A Little Happier: Your Question May Suggest Its Own Answer.

In Piers Anthony’s fantasy novel A Spell for Chameleon, a character knows just what to say.

When a manticora (body of a lion, head of a man, wings of a dragon, tail of a scorpion) asks the Good Magician Humfrey whether he has a soul, the magician answers,  “Only those who possess souls are concerned about them.

Which seems obviously true. To ask the question is to answer it.

What do you think — does the fact that you’re concerned about something suggest the answer to your question?

If you want to learn more about my book The Happiness Project:

  • Watch the one-minute book video
  • Request the one-page discussion guide or spiritual discussion guide
  • Listen to a sample of the audiobook (that’s me, reading from the Introduction)
  • The link to the sample chapter is broken…I’m figuring that out.

 

Want to get in touch? I love hearing from listeners:

 

Happier listening!

  • Mimi Gregor

    This does make my week a little happier, Gretchen. I sometimes find myself obsessing about whether I am doing enough or good enough in many arenas. It’s reassuring to know that because I care enough to worry about it, then, yes, I probably am doing enough in a good enough manner. Am I perfect at it? Heavens, no. It’s good enough to be good enough. Trying to be perfect seems to render people impotent; they are too concerned with doing things perfectly to do anything at all.

    Thanks for this recap on perspective.

    • gretchenrubin

      Great to hear that it struck a chord.

  • Flamish Marmish

    Hi Gretchen, I have a question with regard to happiness.
    How to avoid compromising authencity? Namely, I would love to have an online diary but you’re not supposed to let everyone know _everything_ about you. Or are you? This inability to freely tell everyone everything I have on my mind or everything that happened is eating me.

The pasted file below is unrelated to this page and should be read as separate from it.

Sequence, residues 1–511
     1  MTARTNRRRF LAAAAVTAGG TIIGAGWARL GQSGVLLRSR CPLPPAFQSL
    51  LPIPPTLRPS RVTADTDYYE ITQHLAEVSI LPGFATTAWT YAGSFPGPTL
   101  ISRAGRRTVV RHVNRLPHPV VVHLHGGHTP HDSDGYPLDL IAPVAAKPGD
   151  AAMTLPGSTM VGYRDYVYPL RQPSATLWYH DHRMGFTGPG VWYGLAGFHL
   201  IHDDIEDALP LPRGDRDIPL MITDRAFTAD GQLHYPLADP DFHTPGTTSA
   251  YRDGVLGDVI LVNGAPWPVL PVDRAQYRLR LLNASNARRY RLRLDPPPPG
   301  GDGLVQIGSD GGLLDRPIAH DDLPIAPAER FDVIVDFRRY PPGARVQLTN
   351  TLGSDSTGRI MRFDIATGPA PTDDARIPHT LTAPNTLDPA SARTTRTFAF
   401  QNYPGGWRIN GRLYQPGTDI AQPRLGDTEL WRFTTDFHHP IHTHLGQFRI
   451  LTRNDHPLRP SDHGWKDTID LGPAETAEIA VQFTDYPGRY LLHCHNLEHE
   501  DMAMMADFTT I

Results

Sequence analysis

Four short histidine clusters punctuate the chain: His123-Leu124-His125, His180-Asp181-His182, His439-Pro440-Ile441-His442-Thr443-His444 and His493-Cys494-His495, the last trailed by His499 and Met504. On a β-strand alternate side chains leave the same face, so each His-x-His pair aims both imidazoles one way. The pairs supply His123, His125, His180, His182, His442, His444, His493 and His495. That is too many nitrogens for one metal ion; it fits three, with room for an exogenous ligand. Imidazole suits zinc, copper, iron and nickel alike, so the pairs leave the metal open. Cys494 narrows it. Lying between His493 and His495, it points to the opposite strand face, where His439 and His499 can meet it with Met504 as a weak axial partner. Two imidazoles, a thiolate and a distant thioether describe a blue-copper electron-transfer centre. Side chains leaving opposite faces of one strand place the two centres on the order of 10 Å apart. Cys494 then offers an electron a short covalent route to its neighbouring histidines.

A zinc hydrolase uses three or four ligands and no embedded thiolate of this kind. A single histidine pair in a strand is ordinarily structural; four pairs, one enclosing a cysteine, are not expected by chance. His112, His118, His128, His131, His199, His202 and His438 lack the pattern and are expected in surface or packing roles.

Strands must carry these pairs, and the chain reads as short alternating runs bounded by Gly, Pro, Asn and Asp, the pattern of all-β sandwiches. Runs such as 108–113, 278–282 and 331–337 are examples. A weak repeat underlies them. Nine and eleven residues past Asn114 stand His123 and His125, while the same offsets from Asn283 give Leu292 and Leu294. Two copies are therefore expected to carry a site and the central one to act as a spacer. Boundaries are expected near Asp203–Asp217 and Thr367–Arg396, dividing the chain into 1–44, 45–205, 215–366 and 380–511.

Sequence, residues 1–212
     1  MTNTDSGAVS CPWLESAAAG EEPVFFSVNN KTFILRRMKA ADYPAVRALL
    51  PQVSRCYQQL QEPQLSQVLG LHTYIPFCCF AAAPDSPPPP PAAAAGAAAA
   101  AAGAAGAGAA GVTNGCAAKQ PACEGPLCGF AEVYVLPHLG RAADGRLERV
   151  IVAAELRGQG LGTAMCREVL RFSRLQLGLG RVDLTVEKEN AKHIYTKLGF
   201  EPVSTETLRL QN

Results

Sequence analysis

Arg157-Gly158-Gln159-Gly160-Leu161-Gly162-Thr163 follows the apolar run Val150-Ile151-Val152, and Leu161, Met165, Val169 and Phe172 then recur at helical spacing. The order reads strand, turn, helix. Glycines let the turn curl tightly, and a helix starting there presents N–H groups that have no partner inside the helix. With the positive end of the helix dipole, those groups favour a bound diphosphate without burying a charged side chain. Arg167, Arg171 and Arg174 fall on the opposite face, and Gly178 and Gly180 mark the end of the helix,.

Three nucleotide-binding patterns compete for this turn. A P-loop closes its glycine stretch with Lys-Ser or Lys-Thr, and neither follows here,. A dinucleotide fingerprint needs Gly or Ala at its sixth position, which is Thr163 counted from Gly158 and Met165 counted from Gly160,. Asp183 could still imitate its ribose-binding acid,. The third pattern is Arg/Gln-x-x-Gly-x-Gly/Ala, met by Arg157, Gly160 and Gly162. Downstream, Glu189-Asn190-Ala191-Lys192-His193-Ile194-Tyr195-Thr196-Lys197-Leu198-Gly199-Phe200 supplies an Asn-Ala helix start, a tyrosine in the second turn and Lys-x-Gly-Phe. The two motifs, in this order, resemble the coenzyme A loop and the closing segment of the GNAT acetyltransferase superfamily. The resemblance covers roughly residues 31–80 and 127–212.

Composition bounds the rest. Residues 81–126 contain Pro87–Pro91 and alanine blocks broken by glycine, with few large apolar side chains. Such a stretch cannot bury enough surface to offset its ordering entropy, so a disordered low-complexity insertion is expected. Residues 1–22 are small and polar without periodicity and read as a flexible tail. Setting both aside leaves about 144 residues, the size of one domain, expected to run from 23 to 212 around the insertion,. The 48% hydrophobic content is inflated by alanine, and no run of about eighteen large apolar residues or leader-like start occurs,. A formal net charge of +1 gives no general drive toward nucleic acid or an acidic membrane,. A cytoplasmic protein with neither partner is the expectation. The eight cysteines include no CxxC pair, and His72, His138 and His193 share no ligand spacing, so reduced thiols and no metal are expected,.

I was listening to one of your podcast episodes about a month of being brutally honest and it rings the bell for me except that I would want to be like this all the time.

    • MaggieRose59

      I think it is essential to be brutally honest with yourself. But to be brutally honest with others, (with the exception of certain situations) is just plain selfish and mean. I know a couple of people that think it is important to always speak their mind and spout their opinion, in the name of being authentic. They are difficult to be around. Self-control and self-restraint are just another name for good manners. You may want to rethink the idea that it is somehow good to say everything.

      Here is a good formula for speaking openly to someone:
      First, is what you want to say TRUE
      Second, is what you want to say NECESSARY
      Third, is what you want to say KIND

    • gretchenrubin

      Ah, you’re listening to the interview with AJ Jacobs! I don’t think that month went very well for him (he was trying to live by the commandment to not lie). Authenticity is one thing, but to hear your deepest confidences, don’t people need to earn your trust, as individiuals?

    • Mimi Gregor

      If I may, Flamish, there are social networks/online journals where you can choose a name to use instead of having to use what they consider a “real name” (as in FaceBook) AND you can choose who can and cannot see each individual post. It’s old school, but LiveJournal has these options. I have an account there, which I seldom use anymore, and they aren’t as popular as they once were, but they still have these options, and I still have many friends there who opine on all matters, big and small. You might want to check them out.

      I love the concept of Radical Honesty, but if I practiced it in “real life”, I would soon be a pariah instead of just a loner.